Reminds me of my old Sears contractor type table saw. I’ll say one thing about that saw, it taught me alot about kickbacks, burnt wood, low power, and mysterious moveable fence-the worst of it. I too got myself a Delta Contractors’s saw and said “Wow” what have I been missing. Gave,didn’t sell, the sears saw to the gardner. By the way that Delta TS ended up embedded in my wife’s brand new Honda CRV when a run away car crashed into my garage shop and totally demolished my shop. P.S. The insurance money helped me to finally get a Deltga Unisaw, and as the saying goes: “The rest is just heaven!”

View Russel's profile


2199 posts in 4714 days

#6 posted 01-20-2008 09:52 PM

If you can buy other than Ryobi, do it. However, I made two set of kitchen cabinets with a $99 Ryobi table saw and knowing what I know now I can look back and say it was a bit of a bother. Fortunately, I didn’t know any better then and worked around whatever I needed to. If you’re dipping your toes in the water, it might be useful, but you’ll soon outgrow it.

-- Working at Woodworking

View dalec's profile


612 posts in 4663 days

#7 posted 01-20-2008 11:15 PM

We learn as we go and few of us get it right the first time. As I think about it, I don’t know if I would have gotten off the ground without just buying a saw.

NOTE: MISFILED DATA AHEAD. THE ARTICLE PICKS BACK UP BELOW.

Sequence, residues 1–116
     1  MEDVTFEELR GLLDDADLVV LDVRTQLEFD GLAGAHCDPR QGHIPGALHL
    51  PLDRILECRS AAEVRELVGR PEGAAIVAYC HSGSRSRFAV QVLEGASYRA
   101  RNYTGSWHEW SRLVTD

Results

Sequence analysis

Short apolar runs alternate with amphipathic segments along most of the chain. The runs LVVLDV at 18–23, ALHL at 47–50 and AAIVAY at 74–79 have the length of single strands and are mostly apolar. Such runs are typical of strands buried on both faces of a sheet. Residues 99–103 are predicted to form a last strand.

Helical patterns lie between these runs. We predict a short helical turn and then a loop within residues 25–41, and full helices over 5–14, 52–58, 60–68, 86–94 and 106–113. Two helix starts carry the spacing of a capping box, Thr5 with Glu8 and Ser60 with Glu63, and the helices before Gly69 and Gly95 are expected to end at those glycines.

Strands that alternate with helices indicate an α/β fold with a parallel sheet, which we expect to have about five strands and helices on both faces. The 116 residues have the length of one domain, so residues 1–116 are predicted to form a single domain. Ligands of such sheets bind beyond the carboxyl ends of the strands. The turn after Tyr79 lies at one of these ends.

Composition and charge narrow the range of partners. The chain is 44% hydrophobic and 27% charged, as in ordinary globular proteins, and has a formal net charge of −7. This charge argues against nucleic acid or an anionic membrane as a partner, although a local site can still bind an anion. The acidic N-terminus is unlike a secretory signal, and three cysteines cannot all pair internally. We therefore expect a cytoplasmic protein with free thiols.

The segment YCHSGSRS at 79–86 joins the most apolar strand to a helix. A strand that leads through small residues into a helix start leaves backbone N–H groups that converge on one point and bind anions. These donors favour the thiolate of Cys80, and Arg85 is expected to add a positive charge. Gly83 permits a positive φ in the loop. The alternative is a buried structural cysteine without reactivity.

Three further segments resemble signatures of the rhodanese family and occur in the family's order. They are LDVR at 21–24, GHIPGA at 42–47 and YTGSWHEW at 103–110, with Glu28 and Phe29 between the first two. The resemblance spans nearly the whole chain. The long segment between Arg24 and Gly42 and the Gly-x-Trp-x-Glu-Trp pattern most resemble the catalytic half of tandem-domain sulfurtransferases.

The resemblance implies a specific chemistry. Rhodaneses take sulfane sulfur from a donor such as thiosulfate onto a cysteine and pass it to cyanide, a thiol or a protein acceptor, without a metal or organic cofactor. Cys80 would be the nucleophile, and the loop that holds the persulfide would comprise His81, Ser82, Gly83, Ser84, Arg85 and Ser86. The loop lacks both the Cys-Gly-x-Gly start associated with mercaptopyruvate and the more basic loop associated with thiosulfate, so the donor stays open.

Glad you were able to find a table saw that your are happy with and does what you want.


View WoodWright's profile


20 posts in 4851 days

#8 posted 01-22-2008 11:39 PM

I learned so long ago I can’t remember when, that I just can’t afford less than the best available when it comes to tools of any kind.

Since it is the fool (no offense) who learns by his own mistakes and the wise man who learns from the mistakes of others, let these words-to-the-wise be sufficient: Delta, Porter Cable, DeWalt (pro line), Skil.

Milwaukee has been sold to a Communist Chinese holding & manufacturing company. Too much of Delta is now Made In China but it’s still light-years better than Ryobi, etc. Then again, so is parmesan cheese.
Festool and Fein have some wonderful but PRICEY innovations, for those to whom money is no object.

“Delta” machines with letter-numeral catalog numbers like SM400 are all actually Black & Decker, Made-In-China toys for the Ryobi/Makita crowd (illegal aliens who no comprenden Ingles), merely labeled & painted “Delta.”